McGrath has publicly criticised the atheist scientist, Richard Dawkins. His book, ‘The Dawkins Delusion’ challenged Dawkins’ bestseller, ‘The God Delusion’. ‘Dawkins scores points by misrepresentation – by presenting arguments in their worst possible light and by choosing extreme Christians as though they are representative of mainstream Christianity,’ insists McGrath. ‘He works on the assumption that his readers know very little about Christianity. He asserts that if you believe in evolution, you cannot believe in God, because evolution is by definition atheistic. But that is a very inaccurate interpretation. Dawkins also interprets a Christian’s faith as ‘blind trust’ (which ignores) evidence. But that’s not a Christian definition of faith. Faith is about believing in a God who not only exists but who may also be relied upon utterly.’

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Christianity Faith and science - Alister McGrath

Suffering, miracles and the Theory of Everything

McGrath does not believe humanity will ever fully explain suffering. He says Christianity offers no neat theory or easy answers. Instead, it teaches that God is with those who suffer. He notes that the Bible book, Psalms, says ‘even though I walk through the valley of the shadow of death…. You are with me…’ And God enabled his relationship with humanity to be put right through the suffering of his son Jesus Christ as he was crucified. Alister says humanity has an instinctive sense that suffering is not right or how things are meant to be. But one day it will be changed. ‘There is more to life than the physical world and God urges us to find it,’ he says.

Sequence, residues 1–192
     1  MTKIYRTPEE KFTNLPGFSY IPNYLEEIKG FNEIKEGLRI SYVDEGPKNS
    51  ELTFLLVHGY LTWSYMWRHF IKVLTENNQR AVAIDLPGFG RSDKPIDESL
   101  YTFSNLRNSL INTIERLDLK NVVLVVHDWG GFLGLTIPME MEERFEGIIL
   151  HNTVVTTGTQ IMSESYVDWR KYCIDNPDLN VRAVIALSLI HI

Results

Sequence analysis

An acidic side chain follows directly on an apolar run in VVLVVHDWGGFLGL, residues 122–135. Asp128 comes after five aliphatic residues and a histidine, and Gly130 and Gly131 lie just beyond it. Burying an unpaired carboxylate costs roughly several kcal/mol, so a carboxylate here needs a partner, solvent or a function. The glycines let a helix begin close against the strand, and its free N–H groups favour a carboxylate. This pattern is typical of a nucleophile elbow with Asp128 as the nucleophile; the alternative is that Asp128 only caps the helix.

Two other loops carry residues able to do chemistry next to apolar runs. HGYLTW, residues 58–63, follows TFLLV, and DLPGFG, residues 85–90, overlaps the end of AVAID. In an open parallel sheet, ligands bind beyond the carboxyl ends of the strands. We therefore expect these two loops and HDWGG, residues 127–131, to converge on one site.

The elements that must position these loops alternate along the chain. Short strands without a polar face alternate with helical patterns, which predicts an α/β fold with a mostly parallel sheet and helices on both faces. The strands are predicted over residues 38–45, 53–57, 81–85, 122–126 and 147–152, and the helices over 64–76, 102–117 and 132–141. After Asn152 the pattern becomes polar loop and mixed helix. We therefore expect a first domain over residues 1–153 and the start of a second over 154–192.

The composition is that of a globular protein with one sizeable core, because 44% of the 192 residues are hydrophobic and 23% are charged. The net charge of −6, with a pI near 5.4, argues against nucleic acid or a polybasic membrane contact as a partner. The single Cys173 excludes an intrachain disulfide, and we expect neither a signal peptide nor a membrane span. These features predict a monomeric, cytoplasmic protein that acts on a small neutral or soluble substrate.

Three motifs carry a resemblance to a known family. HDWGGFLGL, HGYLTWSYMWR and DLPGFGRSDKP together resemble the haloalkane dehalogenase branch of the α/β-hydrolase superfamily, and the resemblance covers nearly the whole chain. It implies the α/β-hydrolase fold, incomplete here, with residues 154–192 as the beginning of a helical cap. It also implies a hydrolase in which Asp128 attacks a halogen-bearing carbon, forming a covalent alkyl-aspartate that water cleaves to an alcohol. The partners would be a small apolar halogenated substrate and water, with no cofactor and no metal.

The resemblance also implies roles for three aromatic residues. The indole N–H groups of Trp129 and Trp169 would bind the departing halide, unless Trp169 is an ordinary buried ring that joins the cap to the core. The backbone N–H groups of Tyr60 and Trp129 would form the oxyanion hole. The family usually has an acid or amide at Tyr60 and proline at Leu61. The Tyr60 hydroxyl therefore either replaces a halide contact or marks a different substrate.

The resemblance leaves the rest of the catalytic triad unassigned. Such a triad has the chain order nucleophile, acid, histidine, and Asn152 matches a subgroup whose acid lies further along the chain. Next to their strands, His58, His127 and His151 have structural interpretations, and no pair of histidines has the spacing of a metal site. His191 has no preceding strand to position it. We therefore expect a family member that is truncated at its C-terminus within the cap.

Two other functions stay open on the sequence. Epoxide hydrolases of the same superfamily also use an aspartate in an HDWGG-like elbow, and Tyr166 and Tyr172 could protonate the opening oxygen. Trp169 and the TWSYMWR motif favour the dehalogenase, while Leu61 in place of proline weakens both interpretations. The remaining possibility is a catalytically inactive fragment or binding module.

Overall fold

And McGrath rejects the notion that science disproves miracles. ‘Science says that there are certain things that are very improbable, so improbable they shouldn’t happen at all. (But) science can’t say things can’t happen,’ he says. ‘Science does not disprove the resurrection of Jesus. It says that the resurrection cannot be explained by a natural process.’ Christians believe Jesus performed extraordinary miracles and modern science makes these events all the more remarkable. For McGrath this should provoke people to think about what was so significant about Jesus that he could do such feats.

‘Science does not disprove the resurrection of Jesus. It says that the resurrection cannot be explained by a natural process.’